Lounge talk and professional development utopia does not improve schools - it's the daily action of all stakeholders that matters most to school improvement. The tour was one action step in our aggressive professional development plan designed to break down the walls of isolation, complacency, and professional resistance. Our low student achievement data warrants the need for systemic and radical improvement. We needed the teachers to "see it" for themselves. Teachers have to want to improve and be the change. Mandatory professional development does not work uniformly. Experiences planned for open-ended self-reflection produces exponential and sustainable results. Professional development based on choice satisfies the need of the human self-system.
Each half-day session (over the course of three full days) was attended by four teachers, from different grade levels, and myself. Substitutes were provided so the emotional experience would be uninterrupted and free of students. Before each tour, teachers read the author's short blog, discussed the five guiding questions; and defined data gathering procedures for solely self-reflection and school improvement planning. The teachers only carried blank paper and a copy of the prioritized environmental initiatives to record their thoughts and reactions to the campus environment. It was repeatedly clarified that the tour was non-evaluative and individual feedback would not be provided to teachers. Self-reflection and personal change was the top priority.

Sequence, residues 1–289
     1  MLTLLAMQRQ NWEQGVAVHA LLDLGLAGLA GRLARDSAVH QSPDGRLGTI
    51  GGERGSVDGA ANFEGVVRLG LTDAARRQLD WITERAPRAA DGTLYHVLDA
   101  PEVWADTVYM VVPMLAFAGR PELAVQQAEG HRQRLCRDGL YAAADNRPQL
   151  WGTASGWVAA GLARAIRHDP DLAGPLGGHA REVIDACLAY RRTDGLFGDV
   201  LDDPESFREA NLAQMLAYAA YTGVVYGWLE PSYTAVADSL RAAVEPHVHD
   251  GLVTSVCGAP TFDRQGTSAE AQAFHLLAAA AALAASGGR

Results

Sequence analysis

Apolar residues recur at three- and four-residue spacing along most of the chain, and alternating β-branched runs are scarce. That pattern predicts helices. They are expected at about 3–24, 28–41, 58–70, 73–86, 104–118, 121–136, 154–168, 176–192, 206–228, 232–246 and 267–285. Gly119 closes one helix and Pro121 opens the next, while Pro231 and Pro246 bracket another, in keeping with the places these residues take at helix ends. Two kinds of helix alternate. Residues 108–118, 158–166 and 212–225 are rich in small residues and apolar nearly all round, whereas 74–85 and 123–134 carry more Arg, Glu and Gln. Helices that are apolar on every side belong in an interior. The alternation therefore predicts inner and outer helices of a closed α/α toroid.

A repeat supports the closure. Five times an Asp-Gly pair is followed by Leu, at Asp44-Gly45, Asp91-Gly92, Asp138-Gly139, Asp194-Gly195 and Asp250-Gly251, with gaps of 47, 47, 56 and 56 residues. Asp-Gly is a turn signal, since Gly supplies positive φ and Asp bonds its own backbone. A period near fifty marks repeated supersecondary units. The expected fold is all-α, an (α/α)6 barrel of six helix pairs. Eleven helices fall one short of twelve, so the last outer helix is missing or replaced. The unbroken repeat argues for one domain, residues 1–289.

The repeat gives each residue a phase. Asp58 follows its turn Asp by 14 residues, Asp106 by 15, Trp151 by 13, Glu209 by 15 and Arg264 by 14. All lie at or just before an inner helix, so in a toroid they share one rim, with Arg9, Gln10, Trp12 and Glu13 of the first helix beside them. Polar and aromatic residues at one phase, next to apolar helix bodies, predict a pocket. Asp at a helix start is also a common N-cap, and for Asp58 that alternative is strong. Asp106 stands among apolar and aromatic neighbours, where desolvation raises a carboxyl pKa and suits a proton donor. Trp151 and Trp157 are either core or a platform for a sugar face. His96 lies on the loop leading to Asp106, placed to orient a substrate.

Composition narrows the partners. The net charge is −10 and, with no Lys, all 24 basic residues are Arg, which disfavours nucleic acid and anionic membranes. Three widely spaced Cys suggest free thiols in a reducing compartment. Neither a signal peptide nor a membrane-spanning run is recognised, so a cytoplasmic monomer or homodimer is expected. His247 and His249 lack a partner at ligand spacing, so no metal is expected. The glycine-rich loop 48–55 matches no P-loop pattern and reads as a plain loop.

Every classroom, hallway, and entryway was observed during a "regular" school day. Teachers sat in all classrooms for about 5 minutes, sauntered through the hallways, and observed the entire facility in "normal" operation. All classroom visits were unannounced, random, and silent observations. Complete campus transparency.
After walking through the entire facility, from outside to inside, teachers confidentially debriefed in my professional development room. As the coach, I only listened and kept the conversation moving. I did not offer feedback or insist on a viewpoint. The dialogue was free and candid and brutally honest.
All teachers wrote at least one positive (yellow sticky note), one negative (pink sticky note), and one middle ground emotion (blue sticky note) on paper.
After the final day of tours, the sticky notes were displayed in the lounge so the entire staff could view the results. The conversation continued and change happened immediately. The custodian changed light bulbs and the clutter started disappearing in classrooms. Ultimately, teachers pleasantly confronted what needed to be addressed school-wide.
The unique tour experience was extremely powerful and an eye-opening data collection for all stakeholders! Here a few of the comments collected from the evaluations...